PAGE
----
A Shared Struggle in the Crisis – Standing Up for Racial Justice and Equity

Statement from Dr. Meria Carstarphen
Superintendent of Atlanta Public Schools

All of us in Atlanta Public Schools have been left saddened and heartbroken with the civil unrest and challenging times we are facing in our community and across this nation. Amid our efforts to cope with a global pandemic, we now must confront the hurt, pain, disappointment, and other emotions that have resurfaced about the racial injustice crisis following the alarming and tragic murders of George Floyd, Ahmaud Arbery, and others. We are 52,000 students and  6,000 staff members strong. With caregivers and parents, the APS community stands at easily more than 100,000 good people who can make a difference. Let me be clear, we can all do something to dismantle systemic racism because black lives matter.

Students at Booker T. Washington silently protest gun violence in March 2018

Our district has supported  peaceful demonstrations against gun violence and climate change. It has stood with students and staff, embracing their leadership and growth in civic engagement and the meaningful impact it can have on social change. We have encouraged activism that follows city and state directives and heeds the words of one of this community’s most cherished civil rights icons, Representative John Lewis: “Be constructive, not destructive. Rioting, looting, and burning is not the way.”   

Grady students rallied for gun safety

As a district, we continue to support students and employees who exercise their First Amendment rights to engage in peaceful protest and to petition our government for redress of grievances. We have ensured  them that the District will not take adverse action against any employee arrested for engaging in peaceful protest. We have strongly encouraged them to follow the law and protocols if they decide to engage in protests or demonstrations outside of work hours or on personal time.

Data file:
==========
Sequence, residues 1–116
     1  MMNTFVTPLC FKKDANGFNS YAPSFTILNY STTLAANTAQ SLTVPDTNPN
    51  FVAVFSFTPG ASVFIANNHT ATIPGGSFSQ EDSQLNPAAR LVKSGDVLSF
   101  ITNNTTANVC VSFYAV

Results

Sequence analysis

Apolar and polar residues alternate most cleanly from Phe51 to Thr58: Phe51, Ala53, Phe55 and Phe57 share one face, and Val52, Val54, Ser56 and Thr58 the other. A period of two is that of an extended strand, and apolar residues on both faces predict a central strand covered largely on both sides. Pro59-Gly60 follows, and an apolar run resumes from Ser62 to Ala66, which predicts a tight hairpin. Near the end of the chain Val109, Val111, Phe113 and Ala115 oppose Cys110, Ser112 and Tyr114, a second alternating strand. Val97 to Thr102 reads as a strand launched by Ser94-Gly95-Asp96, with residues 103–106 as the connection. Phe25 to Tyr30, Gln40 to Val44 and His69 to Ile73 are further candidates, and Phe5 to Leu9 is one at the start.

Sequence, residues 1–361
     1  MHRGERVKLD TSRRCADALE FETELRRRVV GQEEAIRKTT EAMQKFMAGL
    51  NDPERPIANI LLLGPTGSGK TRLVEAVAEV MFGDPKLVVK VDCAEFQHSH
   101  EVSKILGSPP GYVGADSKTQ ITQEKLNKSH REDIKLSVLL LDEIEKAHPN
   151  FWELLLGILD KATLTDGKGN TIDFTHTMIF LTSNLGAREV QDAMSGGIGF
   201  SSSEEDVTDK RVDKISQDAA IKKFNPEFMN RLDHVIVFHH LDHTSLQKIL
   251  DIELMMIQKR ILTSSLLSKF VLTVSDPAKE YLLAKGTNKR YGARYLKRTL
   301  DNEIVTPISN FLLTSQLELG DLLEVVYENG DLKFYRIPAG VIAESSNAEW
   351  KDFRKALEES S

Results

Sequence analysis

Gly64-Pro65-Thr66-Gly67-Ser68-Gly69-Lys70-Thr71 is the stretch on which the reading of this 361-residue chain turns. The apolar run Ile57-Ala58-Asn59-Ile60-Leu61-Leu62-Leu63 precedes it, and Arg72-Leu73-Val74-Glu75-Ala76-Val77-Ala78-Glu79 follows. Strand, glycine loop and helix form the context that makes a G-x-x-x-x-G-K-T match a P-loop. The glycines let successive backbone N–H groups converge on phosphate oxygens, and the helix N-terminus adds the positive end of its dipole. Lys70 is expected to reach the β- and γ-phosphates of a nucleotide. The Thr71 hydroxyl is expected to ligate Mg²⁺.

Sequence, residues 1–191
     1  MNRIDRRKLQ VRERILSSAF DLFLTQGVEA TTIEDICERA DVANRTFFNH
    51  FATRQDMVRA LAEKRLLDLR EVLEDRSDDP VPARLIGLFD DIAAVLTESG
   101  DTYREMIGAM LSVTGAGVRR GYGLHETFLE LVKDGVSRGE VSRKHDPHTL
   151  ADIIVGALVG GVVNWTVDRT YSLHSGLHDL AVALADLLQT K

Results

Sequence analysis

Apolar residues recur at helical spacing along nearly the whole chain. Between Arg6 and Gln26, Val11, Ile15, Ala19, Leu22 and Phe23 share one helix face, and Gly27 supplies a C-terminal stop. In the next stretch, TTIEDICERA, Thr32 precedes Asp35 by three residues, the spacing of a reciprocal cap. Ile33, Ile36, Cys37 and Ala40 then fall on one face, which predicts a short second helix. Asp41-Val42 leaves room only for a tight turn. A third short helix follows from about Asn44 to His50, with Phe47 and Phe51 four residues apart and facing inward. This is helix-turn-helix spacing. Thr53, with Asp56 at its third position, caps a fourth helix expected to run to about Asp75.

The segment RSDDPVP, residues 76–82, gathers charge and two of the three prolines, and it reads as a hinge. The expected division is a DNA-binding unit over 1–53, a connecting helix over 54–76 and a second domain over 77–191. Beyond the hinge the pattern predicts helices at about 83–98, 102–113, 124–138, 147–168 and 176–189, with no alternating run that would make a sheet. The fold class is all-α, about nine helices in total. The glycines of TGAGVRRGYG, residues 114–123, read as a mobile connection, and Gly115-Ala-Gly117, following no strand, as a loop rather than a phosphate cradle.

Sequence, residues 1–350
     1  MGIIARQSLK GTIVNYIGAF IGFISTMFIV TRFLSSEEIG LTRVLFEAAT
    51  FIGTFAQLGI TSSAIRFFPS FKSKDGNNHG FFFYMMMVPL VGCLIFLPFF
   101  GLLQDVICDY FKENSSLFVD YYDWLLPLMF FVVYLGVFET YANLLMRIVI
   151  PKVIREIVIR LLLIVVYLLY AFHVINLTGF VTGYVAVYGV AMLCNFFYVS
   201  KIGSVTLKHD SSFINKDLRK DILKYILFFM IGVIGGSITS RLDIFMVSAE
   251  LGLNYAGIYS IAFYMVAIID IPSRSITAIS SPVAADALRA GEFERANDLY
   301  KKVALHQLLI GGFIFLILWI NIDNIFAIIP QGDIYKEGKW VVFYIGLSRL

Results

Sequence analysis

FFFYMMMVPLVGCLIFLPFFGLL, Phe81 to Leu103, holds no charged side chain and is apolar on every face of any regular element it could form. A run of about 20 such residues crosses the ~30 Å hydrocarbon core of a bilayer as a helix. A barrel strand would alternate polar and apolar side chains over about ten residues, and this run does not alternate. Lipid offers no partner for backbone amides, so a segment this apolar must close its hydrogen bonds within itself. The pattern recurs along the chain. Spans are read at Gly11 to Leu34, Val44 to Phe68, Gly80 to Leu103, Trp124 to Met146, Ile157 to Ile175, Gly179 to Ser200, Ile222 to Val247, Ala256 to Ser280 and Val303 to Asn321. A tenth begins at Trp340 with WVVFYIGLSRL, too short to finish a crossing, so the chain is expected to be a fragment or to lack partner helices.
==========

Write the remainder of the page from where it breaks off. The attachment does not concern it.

The Atlanta Board of Education stands in support as well as it wrote in its own statement that “the work of dismantling a racist and oppressive system that has an over 400-year legacy will not be easy and requires people of all communities coming together to address inequities.”

Such a position follows ongoing efforts in Atlanta Public Schools to do its part in effecting change and to putting an end to racial injustice and inequities.

Hundreds of North Atlanta High students walked out of school on Sept. 26, 2019, in protest about climate change

Through the development of the District’s new strategic plan and our work to implement a new equity policy, APS is committed to acknowledging and addressing the impacts of systemic racism on our education system. We are focused on creating a diverse and inclusive workplace that uplifts everyone’s unique voice and values the input and engagement of the community. We are taking a stand and implementing actions that uphold racial justice and equity.

These actions at the District level signal the need for each of us as individuals and as a community to become active participants in this change, ensuring every decision we make is in the best interest of our students and is sharpened through the lens of equity.

Although we are apart, we are in this together! We will find strength as we find our way through this as a school community!

Some APS students and recent graduates who are working with me on equity and unity projects: Allison Hunter and Tyrese Miller of South Atlanta High; Kaylee Spiver of North Atlanta High; Amadou Bah and Qwantayvious Stiggers of B.E.S.T. Academy; and Shaun Kleber of Grady High

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